Wednesday, February 17, 2010

We're Fit For Rivals

Hey all. I know it's been a few days since my last post, but I promise I have a good reason. Like I said before, I've found this amazing slew of new bands and artists, and I wanna stretch it and make them last as long as I can, so why rush into a new band every day when each one clearly merits three or four days, or even a week of rockin'?
So now that you can understand my undeniable logic (laugh lol), I introduce to you today's story, and man is this one hardcore. Out of Jacksonville, Florida, this is Fit For Rivals, a killer alternative/punk-rock band that belies all the stereotypes of a female-fronted band. Composed of Renee Phoenix (lead vocals), Thomas Amason (guitar), Jesse Carroll (guitar), Josh Hamilton (bass), and John Hartman (drums), Fit For Rivals delivers a punch to the gut with a crisp, crunching sound that I haven't heard in a very long time. Now as much as I love Paramore, and as I do enjoy Flyleaf from time to time, this is a crunch and freshness that I haven't heard since the first time I heard Evanescence. Not that these guys (and girl) are anything of an Evanescence rip-off, but in terms on a sound that's fresh and new, and like nothing else out there, these guys hit the proverbial nail on the head. 
It's just by chance however that I came across FFR, but I sure as hell am glad I did. While I was checking up on concerts coming to Atlanta, I saw The Red Jumpsuit Apparatus was touring with another local Jacksonville band, a group called Fit For Rivals. Two hours later, here I am, more than obsessed with their music, and I'd go and see these guys even if they weren't accompanying Red Jumpsuit on tour. The fact that they are, however, psychs me out, and there's no freaking way short of an apocalyptic cataclysm that I am going to miss that show.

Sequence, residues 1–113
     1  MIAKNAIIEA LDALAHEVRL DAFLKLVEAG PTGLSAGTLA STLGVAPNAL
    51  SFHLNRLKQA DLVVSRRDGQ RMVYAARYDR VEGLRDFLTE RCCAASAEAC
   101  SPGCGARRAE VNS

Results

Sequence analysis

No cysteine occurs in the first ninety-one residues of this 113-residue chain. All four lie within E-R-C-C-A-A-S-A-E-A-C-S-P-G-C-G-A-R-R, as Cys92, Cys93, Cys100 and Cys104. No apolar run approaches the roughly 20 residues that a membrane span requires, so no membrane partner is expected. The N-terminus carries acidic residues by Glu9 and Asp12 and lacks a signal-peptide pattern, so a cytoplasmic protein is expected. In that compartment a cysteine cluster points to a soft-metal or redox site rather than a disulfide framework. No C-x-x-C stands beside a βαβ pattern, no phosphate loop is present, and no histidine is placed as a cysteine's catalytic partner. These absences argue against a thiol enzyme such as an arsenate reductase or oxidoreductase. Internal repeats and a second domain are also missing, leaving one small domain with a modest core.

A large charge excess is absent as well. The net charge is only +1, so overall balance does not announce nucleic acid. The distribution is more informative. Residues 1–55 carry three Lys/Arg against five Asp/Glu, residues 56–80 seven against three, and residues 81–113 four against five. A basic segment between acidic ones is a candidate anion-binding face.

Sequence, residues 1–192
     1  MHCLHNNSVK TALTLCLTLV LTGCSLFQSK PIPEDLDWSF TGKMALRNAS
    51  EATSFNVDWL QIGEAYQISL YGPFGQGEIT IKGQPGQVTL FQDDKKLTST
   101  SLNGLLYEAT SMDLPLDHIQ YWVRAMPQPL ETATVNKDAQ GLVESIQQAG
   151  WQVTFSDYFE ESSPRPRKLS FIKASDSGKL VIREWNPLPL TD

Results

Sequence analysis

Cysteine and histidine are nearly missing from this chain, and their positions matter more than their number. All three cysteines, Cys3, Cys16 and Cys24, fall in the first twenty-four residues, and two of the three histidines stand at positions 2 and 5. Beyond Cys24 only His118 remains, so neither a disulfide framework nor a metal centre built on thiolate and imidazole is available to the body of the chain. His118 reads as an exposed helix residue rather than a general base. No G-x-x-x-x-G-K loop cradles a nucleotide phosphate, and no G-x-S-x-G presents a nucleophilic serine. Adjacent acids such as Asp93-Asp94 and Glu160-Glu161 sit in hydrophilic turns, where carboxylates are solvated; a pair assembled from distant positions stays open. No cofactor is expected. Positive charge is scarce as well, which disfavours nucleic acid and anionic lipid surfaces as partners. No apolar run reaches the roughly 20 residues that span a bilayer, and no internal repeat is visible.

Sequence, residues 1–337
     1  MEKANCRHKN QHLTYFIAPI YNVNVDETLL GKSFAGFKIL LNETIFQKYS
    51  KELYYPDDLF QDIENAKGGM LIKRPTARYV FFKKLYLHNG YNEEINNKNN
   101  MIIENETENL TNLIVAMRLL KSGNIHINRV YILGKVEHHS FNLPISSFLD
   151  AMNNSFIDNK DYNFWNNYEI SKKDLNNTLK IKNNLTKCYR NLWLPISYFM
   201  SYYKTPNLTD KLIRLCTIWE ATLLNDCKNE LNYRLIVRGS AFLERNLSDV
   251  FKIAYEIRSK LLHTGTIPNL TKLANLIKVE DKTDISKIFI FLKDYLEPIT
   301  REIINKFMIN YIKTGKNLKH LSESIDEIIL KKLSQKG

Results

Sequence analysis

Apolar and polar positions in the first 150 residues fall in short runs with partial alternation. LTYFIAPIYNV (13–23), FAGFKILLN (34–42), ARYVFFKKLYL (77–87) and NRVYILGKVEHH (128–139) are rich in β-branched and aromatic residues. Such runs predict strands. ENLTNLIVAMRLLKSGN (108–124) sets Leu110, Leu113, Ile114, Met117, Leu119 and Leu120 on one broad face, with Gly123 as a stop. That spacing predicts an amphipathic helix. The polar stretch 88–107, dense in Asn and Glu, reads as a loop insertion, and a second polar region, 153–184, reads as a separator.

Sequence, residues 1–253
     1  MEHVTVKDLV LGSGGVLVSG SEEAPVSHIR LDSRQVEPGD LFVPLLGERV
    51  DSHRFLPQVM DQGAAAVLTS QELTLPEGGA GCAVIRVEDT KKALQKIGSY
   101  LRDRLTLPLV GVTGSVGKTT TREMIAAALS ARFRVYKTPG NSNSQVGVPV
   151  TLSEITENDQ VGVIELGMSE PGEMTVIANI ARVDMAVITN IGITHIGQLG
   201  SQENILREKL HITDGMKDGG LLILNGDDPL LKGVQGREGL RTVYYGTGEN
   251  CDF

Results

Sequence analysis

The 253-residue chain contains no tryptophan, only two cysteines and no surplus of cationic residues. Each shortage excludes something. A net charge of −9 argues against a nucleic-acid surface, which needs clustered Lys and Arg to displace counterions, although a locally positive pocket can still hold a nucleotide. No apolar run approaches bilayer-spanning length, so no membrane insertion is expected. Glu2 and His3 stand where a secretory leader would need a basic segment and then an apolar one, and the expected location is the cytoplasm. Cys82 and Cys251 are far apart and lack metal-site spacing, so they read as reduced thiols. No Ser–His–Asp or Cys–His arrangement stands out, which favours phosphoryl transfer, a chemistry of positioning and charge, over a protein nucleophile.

Back to important stuff though. The first song I listen to from FFR's album Was That Our Youth? is "Crash." This is one sick track, and certainly a hell of a way to start me off. Immediately I'm thrown to the proverbial wolves of rock on a blistering guitar progression laid down by Amason and Carroll. The call-and-response dynamic that the two guitarists set down is brilliant, and gives the crunch I was talking about before. This is a guitar sound I always hoped Flyleaf would evolve to, though I've been kinda disappointed they haven't. Whereas Flyleaf's guitarists seem locked in a set rhythm, here Amason and Carroll deliver guitar licks that are so fluid yet powerful, they singe my eyebrows off in true hard-rock fashion. The seething guitars are complimented by Hartman's pulse-pounding drumbeat. This is, simply put, the best beat that could be delivered on this song. Locking tightly with Hamilton's rhythmic bass lines, Hartman's drums drive the song to new heights, keeping it moving from second one to end. We're brought home by Phoenix's flaring vocals. Now as much as everyone would love to lump these guys into the "female-fronted" band category, that's a load of bull. These guys sound only like themselves, and Phoenix's vocals prove that. With the melodic intensity of Amy Lee and Hayley Williams, and the sultry tone of Joan Jett, Phoenix delivers vocals that dig into your skull with serrated edges. Her voice is truly amazing, and together with the killer rhythm section and blasting guitars, shoots my veins full of adrenaline and power. An incredible first track.